Liu Wei's Postmodern Ruins Explore the Limits of Perception
Liu Wei's Nudità (9 July–5 September 2021) at White Cube Bermondsey continues the artist's explorations into the limits of human perception while considering the body's behaviour amid the decaying ruins of contemporary urban life.
Liu Wei, Dimension (2021). Exhibition view: Liu Wei, Nudità, White Cube Bermondsey, London (9 July–5 September 2021). © Liu Wei. Courtesy White Cube. Photo: Ollie Hammick.
The exhibition's title references a collection of essays by Giorgio's Agamben titled Nudities (2009). Liu connects Agamben's theories of 'nudity' to the current emptied state of the urban landscape and how this reveals a new truth about the nature of a city.
A series of large-scale fibreglass and aluminium sculptures painted with car paint alongside delicate oil paintings position the body within formal constructs and constrictions while making propositions for a future without rigidity.
Presented alone in a small room is the show's first work, Speculation (2021): a large sculpture centred around a bone-like fossil, in which two egg-like objects reside. Other forms hang from this central form: a portion of a lion's body appears cantilevered and submerged on one side, while on the other a chrome orb seems to float.
Hovering over this structure, an elongated, off-white form glistens like an apple of temptation: out of reach, and yet inviting touch. Perhaps this invitation to curiosity places the viewer in the biblical narrative that frames the exhibition, casting spectators in the role of Eve.
Beyond this singular room is the main gallery, where the central narrative of the exhibition and the conditions of Agamben's text unfolds.
Vanguard (2021), which resides behind a large crescent cage, is an aluminium piece that, as its title suggests, defies expectations and resists singular understanding.
In this serious contemplation of what materials can do, the hardness of the industrialised world is rendered soft and malleable.
An entanglement of cones, cylinders, orbs, and pyramids is tied together with a silken chrome patina. A testament to the power involved in industrial process to shift and move materials, this piece has been hammered, sucked, bent, shifted, and restructured in time, to produce shapes that become unified and harmonious. The work makes reference to early 20th-century modernism, whether constructivism or suprematism, and the utopian visions embedded therein.
In contrast to Vanguard's universal shapes is Allegory (2021), a collection of specific figures drawn from urban architecture set in a more concrete tone of grey: motorway blockades, construction site hoardings, architectural ornaments, and what seem to be debris from buildings themselves.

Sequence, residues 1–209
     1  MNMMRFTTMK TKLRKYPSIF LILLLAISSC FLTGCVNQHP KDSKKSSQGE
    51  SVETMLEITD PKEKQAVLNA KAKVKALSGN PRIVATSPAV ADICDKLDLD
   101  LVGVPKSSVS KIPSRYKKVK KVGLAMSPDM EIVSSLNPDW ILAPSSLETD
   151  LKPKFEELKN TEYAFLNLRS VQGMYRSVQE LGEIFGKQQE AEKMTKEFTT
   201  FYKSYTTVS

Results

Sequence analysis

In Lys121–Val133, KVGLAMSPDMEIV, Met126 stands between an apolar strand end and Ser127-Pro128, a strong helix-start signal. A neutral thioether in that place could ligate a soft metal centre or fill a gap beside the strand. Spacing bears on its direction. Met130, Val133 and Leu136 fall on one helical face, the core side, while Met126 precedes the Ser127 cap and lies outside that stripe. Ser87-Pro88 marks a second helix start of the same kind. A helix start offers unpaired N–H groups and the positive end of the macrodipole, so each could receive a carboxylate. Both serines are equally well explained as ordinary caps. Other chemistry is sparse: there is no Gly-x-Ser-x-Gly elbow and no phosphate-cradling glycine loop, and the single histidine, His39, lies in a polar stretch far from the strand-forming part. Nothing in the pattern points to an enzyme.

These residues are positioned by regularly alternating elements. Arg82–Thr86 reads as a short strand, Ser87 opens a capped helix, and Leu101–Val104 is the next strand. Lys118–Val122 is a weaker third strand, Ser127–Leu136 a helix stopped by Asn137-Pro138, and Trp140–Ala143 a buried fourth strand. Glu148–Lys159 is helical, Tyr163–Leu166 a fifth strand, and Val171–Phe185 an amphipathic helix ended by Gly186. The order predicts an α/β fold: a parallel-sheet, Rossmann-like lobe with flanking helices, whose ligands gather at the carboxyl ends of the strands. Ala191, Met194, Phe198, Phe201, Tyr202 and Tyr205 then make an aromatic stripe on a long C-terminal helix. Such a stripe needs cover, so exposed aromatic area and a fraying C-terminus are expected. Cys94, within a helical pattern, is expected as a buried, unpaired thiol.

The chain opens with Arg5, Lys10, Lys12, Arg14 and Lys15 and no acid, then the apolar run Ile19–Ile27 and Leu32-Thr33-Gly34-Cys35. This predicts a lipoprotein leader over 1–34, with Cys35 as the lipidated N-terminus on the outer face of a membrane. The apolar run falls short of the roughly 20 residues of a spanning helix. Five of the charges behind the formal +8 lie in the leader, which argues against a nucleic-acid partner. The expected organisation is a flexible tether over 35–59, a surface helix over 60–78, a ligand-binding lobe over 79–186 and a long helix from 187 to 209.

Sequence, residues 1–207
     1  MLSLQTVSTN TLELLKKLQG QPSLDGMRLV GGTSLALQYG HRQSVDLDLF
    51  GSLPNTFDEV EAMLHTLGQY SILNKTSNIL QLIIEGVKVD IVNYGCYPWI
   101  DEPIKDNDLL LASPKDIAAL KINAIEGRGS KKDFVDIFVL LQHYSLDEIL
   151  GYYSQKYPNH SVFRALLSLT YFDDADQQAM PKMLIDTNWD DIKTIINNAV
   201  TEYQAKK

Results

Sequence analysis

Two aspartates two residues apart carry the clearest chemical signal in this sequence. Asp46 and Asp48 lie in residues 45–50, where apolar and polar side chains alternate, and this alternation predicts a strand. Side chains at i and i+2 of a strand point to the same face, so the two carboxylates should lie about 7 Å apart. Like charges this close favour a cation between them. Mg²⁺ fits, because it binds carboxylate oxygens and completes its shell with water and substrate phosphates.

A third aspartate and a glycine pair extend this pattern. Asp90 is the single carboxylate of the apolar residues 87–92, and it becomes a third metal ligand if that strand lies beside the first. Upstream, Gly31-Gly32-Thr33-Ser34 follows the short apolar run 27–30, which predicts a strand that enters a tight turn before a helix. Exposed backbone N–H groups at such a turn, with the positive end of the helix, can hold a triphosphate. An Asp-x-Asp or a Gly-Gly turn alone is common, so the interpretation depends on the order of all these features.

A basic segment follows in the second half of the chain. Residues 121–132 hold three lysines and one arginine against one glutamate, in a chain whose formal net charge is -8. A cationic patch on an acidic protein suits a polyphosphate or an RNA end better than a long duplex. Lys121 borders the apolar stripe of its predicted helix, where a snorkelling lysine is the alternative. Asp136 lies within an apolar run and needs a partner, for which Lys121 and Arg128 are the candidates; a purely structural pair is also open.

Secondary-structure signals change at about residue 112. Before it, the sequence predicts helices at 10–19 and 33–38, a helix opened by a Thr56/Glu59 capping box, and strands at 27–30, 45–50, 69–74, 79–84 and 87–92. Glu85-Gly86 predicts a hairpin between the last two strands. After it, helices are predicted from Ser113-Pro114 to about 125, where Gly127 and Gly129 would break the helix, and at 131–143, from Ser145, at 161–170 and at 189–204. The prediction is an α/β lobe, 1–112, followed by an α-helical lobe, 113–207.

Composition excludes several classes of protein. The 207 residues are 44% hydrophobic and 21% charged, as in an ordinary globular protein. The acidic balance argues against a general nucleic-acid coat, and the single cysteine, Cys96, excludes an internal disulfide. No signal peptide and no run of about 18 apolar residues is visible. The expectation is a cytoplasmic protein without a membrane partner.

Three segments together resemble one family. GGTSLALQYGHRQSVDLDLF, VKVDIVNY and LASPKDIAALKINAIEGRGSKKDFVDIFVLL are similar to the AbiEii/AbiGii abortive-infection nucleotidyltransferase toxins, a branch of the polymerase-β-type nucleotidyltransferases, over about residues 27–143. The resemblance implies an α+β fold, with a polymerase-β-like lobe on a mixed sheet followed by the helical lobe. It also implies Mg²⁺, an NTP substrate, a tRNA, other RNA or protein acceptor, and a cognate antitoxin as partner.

These objects are guarded by mythical creatures: a large snake, dog, cat, turtle, crow, and owl. Their faces are set in expressions that appear sad and forlorn, calling into question the level of protection they might offer this site, which takes on the aura of a graveyard. A transitory space that has allowed time to end.
At the back of the gallery, beyond another cage, are four brilliant colour paintings that comprise the series 'East 2021' (2021): works that shimmer like LCD screens, with thin, delicately painted strips moving between gradients from purple to blue to yellow.
Between these three works there seems to be a clear distinction. Vanguard and 'East 2021' resist representation and feel formless, while Allegory exemplifies the type of obstructions and constrictions that exist in the built environments that shape so much of human experience and existence today.
If Agamben writes about nature being corrupted in the moment that Adam is clothed, and in this room, then Allegory is an embodiment—or entombment—of this corrupted nature. This is why the work is centred in the space while Vanguard and 'East 2021' exist behind two cage-like structures, constricting both attempts to what Agamben considers a return to a 'graceful life'.
Installed in the final room is the monumental aluminium sculpture Dimension (2021), which spans three quarters of the length of the floor.
The work shapeshifts between rounded forms of sheet aluminium, punctuated by two spherical objects painted in bright yellow car paint that electrify the silver expanse and harmonise the composition. Invoking a sense of constant motion, the composition recalls the movements of planets in the distance that grow closer as you move around.
A series of mesmerising oil paintings surround the scene, each a singular study of a body that refuses to be a body anymore, in which globes of paint become like oil in water, all jostling for space.
Nudity No.6 (2021) compresses the grey architectural forms we experienced in Allegory's post-modern ruins, squashing them once more into circular compressions and adding dense blocks of orange, light green, and shades of blue, while Nudity No.3 (2021) brings to mind rock formations embracing.
These paintings feel like an invitation to examine how the world of ruin can become physical, liquid, and reformable, much like Nudità as a whole, which encapsulates Liu Wei's political and material thinking.
In this serious contemplation of what materials can do, the hardness of the industrialised world is rendered soft and malleable. —[O]
1 Giorgio Agamben, Nudities, trans. by Stefan Pedatella and David Kishik (Stanford: Stanford University Press, 2010).